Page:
Sustainability – it’s a word that gets bandied about a lot, especially as humans face the challenges of climate change, population growth and issues such as overfishing. It can feel overwhelming – and it’s hard to know if what we’re doing is good or bad.
But former chef and food critic Matthew Evans, who owns a small-scale farm in Tasmania, tells Broadsheet people should ask these questions: “Can you do what you’re doing now, forever? Can we keep using coffee cups and eating this much meat forever? And if not, what do we need to change?”
Evans is one of the experts interviewed on the new SBS and CGU podcast The Few Who Do, which is hosted by Jan Fran and Marc Fennell. In each episode of the series, the hosts focus on one social problem and offer two potential solutions by interviewing Australians who are pushing for change and coming up with answers to humanity’s big issues. For episode 12, The future on a plate: What are the foods of tomorrow?, Evans explained how small-scale farming can help the environment, and the importance of perennial crops (for example, tomatoes, strawberries and onions).
Before packing up his life in the city and heading to Tassie, where he established Fat Pig Farm, Evans was a food critic for the Sydney Morning Herald. He’s now an author and hosts the SBS TV show Gourmet Farmer, where he visits artisans and small-scale producers, and investigates soil regeneration. Evans is also a vocal proponent of sustainable farming and eating.
“Aboriginal people lived in Australia for 65,000 years and caused minimal damage to the landscape,” Evans says. “In 250 years we’ve undone much of that. Sixty-five-thousand years is a good measurement for what we should be aiming at.”
One of the key issues he identifies is the destruction of topsoil as a result of bringing old-school European farming practices and animals to Australia.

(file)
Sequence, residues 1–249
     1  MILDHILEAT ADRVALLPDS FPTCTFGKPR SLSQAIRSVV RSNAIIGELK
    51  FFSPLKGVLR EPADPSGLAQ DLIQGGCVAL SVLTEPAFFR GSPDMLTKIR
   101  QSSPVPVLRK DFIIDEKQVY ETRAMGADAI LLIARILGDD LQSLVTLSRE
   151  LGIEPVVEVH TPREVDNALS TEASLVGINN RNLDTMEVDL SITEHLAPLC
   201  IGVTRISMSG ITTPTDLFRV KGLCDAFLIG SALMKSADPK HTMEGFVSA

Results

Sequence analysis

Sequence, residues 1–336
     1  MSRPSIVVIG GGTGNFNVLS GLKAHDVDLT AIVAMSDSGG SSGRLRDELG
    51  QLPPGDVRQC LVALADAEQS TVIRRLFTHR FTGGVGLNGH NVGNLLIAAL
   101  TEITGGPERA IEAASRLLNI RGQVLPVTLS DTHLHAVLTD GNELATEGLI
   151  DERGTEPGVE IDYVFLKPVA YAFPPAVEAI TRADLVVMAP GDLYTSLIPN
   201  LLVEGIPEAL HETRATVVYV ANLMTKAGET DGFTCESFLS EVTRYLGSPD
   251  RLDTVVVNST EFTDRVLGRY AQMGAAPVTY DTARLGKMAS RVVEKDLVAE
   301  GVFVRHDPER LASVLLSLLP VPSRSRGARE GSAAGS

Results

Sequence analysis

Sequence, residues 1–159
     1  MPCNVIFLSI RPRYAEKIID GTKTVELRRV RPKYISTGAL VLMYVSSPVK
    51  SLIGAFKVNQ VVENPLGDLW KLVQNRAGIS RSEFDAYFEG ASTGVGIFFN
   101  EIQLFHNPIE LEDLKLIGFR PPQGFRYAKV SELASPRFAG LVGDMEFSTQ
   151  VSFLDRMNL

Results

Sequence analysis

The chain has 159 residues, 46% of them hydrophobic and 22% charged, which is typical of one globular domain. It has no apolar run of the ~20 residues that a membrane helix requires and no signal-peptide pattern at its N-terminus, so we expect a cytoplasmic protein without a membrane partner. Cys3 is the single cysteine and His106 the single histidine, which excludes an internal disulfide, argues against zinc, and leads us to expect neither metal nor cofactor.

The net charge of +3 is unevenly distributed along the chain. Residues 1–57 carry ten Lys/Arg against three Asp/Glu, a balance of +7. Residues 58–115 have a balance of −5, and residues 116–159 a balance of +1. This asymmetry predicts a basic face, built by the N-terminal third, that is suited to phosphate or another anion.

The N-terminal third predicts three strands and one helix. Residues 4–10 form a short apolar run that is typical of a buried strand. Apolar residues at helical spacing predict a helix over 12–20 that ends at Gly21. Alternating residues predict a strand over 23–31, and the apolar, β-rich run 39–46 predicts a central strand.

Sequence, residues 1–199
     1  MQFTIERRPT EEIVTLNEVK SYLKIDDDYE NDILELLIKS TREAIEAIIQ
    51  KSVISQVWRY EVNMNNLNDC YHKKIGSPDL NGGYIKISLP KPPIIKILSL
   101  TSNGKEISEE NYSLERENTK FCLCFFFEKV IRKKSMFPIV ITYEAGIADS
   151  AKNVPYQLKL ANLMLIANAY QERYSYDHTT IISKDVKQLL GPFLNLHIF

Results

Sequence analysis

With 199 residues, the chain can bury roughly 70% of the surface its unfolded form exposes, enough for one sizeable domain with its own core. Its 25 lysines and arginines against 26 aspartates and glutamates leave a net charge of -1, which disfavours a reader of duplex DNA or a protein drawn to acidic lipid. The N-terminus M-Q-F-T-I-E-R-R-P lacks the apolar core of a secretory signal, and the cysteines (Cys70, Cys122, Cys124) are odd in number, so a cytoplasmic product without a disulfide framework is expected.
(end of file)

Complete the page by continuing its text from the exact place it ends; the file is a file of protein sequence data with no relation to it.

“A lot of the topsoil has blown over to New Zealand,” he says. “We need to look at growing perennial, not annual plants – those are plants that live for years, that don’t just have a one-year life cycle. The best thing we can do is have more varied diets.”
Evans also says we should be more mindful of how animals inhabit the land. In the podcast, he explains how he feeds his pigs with food waste from his kitchen, and how the pigs in turn feed his orchard with their manure.
Skye Blackburn, an entomologist who believes we should get more of our protein from insects, is the second expert featured in the episode. She’s the founder of the Edible Bug Shop, where she sells cricket protein powder, ants with dark chocolate, ant-seasoning salt, roasted mealworms and more. She admits insects probably aren’t going to sustain us for every meal – we’ll still need livestock and agriculture to feed the ever-growing population – but Evans believes they have a place.
“Insects are the fastest-growing animal we can eat. If we want to look at sustainability, we need them for protein,” he says. “I was out in the country and there were insects [sprinkled on top of] tacos, and everyone was lapping it up.”
Evans says Attica’s Ben Shewry is one chef who takes a holistic approach to sustainability. “[He] sees his responsibility outside the confines of restaurants,” he says. “He considers the true cost of what he does, and thinks about the people who might copy him and admire him, and how he can be an influence on them.
He also reckons Marrickville’s Feather and Bone is a business with great sustainable practices. The butchery has a nose-to-tail ethos, selling organic, biodynamic and pasture-raised meat. “Feather and Bone is one of the only butchers that say you should eat less meat,” he says. “They take responsibility for animal welfare and want to help farmers improve the land over the years.”
Importantly, Evans also argues there’s no point getting overly-anxious when thinking about how you can live more sustainably. Sometimes you will fail. “I think a lot of people hear the word sustainable and switch off ... If I forget my Keep Cup, I’m not going to get anxious that I have to use a non-recyclable coffee cup. There’s no point getting anxious about those things.”
Listen to The Few Who Do on your podcast app, and find out more information here.